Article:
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Vingkot the Defender of Esrolia


Martin

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We know form the GtG that Before the Rastagar, Vingkot Orlanthsson and his descendants defended Nochet and Esrolia many times..

Does anyone know any examples of who he or his descendants defeated in defending the Holy Country?

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30 minutes ago, Martin said:

Does anyone know any examples of who he or his descendants defeated in defending the Holy Country?

The Sea Gods are the most obvious, including Heler.  Consider Umath/Orlanth and the slaying of Faralinthor & Esrola.  Also the Blue Hill story of Esrola and Uroth.  (see Heortling Myths p.66, and the Flood Age map on p.74)

The Serpentbeast Brotherhood seems likely.

The Mostali, and also Zzabur.  (see Heortling Myths p.76-77 re: Seravus the Enchanter who steals the animals)

Lodril/Veskarthan.  See reference to the Kitchen (Esrolia p.20), between the halves of the hill that Veskarthan broke.

Veshkorgos took away the house of Lerena, and She Devourer ate the old Rolling Ground (Esrolia p.20) - the former could be Deshkorgos, or could be Veskarthan, but likely a Hell God of some type.  She Devourer sounds like Kyger Litor, or some other Hell Goddess.

Other Storm Gods.  (Esrolia p.22) we have the Three Bad Men.  One is Kodig, who would be the Vingkotling.  But we don't know Herkool or Elaliol.  And the next page adds the Axe Man, who sounds like an Earth deity.  Also Voriof and Uroth, the Ram Gods, who get castrated, after which Nevela is tamed.  All that sounds like struggles between various Storm tribes.  (p.23) "Now there were four Bad Men, and they began fighting."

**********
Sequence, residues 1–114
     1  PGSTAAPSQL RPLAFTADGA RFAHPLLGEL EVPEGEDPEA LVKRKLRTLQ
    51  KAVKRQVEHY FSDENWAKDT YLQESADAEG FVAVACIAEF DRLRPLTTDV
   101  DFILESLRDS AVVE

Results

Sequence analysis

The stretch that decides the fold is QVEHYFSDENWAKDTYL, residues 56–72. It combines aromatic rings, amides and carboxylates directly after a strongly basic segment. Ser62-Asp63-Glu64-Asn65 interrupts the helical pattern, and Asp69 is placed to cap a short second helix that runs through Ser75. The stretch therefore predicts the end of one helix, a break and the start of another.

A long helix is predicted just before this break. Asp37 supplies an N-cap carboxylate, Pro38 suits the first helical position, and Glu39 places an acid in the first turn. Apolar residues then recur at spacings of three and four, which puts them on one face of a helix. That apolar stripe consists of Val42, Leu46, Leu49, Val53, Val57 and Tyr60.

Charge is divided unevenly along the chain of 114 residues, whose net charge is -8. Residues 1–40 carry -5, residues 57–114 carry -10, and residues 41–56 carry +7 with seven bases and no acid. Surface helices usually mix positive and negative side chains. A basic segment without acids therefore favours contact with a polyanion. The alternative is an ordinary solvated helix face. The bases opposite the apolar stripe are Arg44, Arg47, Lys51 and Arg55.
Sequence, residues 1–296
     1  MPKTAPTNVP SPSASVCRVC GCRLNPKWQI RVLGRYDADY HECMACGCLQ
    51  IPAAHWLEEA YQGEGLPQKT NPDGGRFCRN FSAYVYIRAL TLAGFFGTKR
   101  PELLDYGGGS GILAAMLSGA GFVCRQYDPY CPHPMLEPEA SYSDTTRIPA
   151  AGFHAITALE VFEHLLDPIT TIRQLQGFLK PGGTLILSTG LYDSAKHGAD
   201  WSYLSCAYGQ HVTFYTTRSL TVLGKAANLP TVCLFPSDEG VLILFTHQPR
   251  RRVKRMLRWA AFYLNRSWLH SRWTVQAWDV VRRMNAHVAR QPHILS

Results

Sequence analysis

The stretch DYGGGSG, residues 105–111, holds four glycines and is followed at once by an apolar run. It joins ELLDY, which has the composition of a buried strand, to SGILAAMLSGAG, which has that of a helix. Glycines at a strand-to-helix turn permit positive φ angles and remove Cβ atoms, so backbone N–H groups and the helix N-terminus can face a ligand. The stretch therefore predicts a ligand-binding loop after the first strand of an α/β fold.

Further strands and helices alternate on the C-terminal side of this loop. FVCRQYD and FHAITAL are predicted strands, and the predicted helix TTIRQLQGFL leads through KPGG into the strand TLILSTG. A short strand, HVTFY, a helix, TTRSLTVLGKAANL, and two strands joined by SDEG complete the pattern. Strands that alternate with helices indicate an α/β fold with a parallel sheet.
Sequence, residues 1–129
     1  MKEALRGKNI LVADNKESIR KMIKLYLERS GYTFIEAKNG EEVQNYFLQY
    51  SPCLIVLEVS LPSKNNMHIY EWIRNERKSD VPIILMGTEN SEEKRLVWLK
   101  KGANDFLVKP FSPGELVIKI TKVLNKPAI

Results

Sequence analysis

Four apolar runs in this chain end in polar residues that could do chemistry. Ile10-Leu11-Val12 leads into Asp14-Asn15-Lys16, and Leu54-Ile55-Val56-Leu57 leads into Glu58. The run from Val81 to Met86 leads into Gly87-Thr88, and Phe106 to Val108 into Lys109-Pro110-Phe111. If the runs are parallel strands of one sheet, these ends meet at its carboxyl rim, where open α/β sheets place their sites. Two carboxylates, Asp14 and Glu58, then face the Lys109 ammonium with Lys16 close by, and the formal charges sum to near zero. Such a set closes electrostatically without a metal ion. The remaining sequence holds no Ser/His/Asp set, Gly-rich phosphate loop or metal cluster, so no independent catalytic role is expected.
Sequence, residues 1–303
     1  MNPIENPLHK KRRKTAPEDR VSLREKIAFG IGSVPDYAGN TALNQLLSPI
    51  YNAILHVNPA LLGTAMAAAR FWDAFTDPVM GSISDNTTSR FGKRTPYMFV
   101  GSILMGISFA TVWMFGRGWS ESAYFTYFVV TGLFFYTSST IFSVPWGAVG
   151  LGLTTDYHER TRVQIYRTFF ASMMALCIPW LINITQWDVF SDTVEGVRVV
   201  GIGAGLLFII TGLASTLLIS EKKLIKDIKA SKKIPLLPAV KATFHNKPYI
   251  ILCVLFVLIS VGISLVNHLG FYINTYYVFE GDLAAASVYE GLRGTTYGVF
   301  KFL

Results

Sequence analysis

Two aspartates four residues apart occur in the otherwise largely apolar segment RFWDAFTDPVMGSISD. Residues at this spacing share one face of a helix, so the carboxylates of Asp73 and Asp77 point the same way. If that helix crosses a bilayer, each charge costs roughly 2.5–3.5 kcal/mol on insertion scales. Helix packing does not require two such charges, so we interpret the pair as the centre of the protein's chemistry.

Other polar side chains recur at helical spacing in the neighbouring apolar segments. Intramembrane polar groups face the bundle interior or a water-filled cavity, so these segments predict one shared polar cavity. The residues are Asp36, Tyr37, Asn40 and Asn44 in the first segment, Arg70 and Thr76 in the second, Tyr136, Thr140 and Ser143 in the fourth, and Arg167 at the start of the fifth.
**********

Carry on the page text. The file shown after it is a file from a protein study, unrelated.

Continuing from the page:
The Axe Man (per footnote on p.23) might be Tereen (champion of Ter), or Terliol (blessed of Ter).  We don't know who Ter is, but suggests it could be a rival Earth/Land Goddess.

 

 

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6 minutes ago, jajagappa said:

The Sea Gods are the most obvious, including Heler.  Consider Umath/Orlanth and the slaying of Faralinthor & Esrola.  Also the Blue Hill story of Esrola and Uroth.  (see Heortling Myths p.66, and the Flood Age map on p.74)

 

It appears that Vingkot is born during the Flood era, well after the homecoming of Ernalda and the wedding between Barntar and Mahome. Other offspring of Orlanth pops up now, too, although quite a few may be blamed on the tales of Tat and Tol in the Golden Age.

The big victory over the seas is the defeat of Worcha, despite that deity bearing the energies of several seas to battle against the dry lands of Orlanth and Ernalda.

 

There aren't that many myths that single out Esrolia as being defended - most affect the entirety of Orlanth's peoples.

 

The Guide names Vadrus as slayer of Faralinthor, eliminating the one appearance of Umath that may have been taken as evidence for his survival after the encounter with the underworld god Shargash.

(I used to associate Faralinthor with an earlier invasion of the waters - that of the rivers - because of the Umath interaction, but with the re-allocation of Vadrus rather than Umath, its existance following the Flood makes sense.)

There are no serious attacks on the land from Faralinthor, so nothing to protect Esrolia from from this direction.

I wonder about the Coming of Death (the parallel to the Tada buries Eiritha myth) in Esrolia. Is it all Nontraya, or is there a period where Esrolia receives protection from the Sword Story (including a chaining of Eurmal)?

 

6 minutes ago, jajagappa said:

Other Storm Gods.  (Esrolia p.22) we have the Three Bad Men.  One is Kodig, who would be the Vingkotling.  But we don't know Herkool or Elaliol.  And the next page adds the Axe Man, who sounds like an Earth deity.